Praise song for every hand-lettered sign,
the figuring-it-out at kitchen tables.

Some live by love thy neighbor as thyself,
others by first do no harm or take no more
than you need. What if the mightiest word is love?

Love beyond marital, filial, national,
love that casts a widening pool of light,
love with no need to pre-empt grievance.

In today’s sharp sparkle, this winter air,
any thing can be made, any sentence begun.
On the brink, on the brim, on the cusp,

praise song for walking forward in that light.

Copyright © 2009 by Elizabeth Alexander. All rights reserved. Reprinted with the permission of Graywolf Press, Saint Paul, Minnesota. A chapbook edition of Praise Song for the Day will be published on February 6, 2009.

Look Baba, it's Jonathan Livingston!

Sunday, January 18, 2009

Reader Poll: Games

When we were on our annual trip Up North this year (post Christmas) we hosted a couple that BioMom knows through work (she works with the husband). They happened to be on the North Shore of Lake Superior over the same weekend.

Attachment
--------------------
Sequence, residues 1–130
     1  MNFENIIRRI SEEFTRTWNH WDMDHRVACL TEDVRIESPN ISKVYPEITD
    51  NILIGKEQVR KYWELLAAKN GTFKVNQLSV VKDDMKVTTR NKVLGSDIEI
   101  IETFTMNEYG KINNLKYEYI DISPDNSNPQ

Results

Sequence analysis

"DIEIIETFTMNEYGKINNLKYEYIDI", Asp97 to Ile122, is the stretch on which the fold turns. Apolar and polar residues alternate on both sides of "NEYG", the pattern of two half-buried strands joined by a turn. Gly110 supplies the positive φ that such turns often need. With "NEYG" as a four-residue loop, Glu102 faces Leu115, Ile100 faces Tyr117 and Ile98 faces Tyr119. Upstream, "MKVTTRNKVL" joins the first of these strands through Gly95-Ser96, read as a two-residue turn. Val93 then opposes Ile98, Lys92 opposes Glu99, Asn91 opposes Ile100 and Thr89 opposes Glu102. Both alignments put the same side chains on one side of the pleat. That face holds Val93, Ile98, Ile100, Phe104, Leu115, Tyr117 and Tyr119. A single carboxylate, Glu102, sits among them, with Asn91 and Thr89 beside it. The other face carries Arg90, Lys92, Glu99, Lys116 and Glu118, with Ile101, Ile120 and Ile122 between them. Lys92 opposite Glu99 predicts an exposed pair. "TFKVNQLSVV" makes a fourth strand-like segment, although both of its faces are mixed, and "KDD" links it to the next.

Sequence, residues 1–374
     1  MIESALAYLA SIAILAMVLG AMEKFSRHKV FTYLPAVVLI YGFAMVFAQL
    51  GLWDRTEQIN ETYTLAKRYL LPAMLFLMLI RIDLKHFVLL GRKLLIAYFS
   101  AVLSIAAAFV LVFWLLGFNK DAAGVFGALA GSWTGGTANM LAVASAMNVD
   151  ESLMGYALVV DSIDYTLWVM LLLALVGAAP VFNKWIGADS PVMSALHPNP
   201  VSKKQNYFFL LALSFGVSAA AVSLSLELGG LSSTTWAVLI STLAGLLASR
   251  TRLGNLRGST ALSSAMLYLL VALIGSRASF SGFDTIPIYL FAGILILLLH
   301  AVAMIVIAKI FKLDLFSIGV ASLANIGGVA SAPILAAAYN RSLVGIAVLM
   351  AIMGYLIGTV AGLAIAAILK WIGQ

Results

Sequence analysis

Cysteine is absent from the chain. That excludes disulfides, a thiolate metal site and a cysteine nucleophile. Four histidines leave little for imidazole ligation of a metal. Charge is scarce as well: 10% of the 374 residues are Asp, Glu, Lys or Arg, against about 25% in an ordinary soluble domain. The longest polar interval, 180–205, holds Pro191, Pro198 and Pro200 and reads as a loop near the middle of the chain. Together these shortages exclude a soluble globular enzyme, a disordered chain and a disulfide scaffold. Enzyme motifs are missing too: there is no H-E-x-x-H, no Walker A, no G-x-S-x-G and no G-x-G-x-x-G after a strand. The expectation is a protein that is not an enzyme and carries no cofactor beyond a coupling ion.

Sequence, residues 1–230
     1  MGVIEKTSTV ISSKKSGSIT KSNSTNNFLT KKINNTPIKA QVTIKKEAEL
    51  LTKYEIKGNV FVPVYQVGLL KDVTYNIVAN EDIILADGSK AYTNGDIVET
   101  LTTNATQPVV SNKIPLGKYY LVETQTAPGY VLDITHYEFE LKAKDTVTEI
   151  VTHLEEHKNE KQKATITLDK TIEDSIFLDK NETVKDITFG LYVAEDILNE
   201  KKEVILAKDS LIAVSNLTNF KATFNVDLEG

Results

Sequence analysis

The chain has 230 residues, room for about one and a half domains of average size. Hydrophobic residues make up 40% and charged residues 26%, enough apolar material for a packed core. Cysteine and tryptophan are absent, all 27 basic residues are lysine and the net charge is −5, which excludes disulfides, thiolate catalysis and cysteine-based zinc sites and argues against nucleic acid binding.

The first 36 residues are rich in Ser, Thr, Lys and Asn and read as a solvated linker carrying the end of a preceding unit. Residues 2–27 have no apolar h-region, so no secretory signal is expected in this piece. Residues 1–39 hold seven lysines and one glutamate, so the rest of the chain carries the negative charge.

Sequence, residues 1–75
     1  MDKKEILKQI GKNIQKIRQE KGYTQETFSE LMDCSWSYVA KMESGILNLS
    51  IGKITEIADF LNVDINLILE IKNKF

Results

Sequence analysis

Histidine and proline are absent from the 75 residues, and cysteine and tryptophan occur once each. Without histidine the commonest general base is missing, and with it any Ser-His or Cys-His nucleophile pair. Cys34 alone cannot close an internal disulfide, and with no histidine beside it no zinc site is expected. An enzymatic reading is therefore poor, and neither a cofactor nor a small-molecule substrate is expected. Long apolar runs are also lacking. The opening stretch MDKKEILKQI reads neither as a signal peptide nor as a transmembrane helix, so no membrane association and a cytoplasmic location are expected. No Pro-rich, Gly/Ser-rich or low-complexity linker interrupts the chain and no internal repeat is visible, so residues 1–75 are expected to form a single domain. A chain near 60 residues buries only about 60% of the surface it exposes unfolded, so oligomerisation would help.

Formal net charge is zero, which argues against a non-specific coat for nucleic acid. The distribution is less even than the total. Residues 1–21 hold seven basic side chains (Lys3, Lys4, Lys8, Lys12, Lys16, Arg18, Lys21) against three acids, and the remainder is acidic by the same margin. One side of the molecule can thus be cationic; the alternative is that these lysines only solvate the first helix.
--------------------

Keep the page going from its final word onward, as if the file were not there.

Being an introvert, I did not look forward to this, preferring instead to hoard all the time up there with only those with whom I am extremely close. In retrospect, however, as usual, I very much appreciate her efforts to broaden our world.

This evening was no exception.

The couple, and their two daughters, were lovely.

At one point we were talking about playing board games with the kids. Eight loves Monopoly and Big is really getting into games of all kinds, regardless of his level of understanding.

BioMom and I approach gaming with the kids in the same way that we approach parenting, I suppose. I'm the honest, reality-based adult in the house whereas she's the soft-landing parent.